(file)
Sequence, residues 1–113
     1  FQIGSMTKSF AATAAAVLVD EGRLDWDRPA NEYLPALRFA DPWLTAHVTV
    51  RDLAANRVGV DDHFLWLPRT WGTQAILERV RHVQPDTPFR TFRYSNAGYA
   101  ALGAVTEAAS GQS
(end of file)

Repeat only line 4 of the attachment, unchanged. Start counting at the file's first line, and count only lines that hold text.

   101  ALGAVTEAAS GQS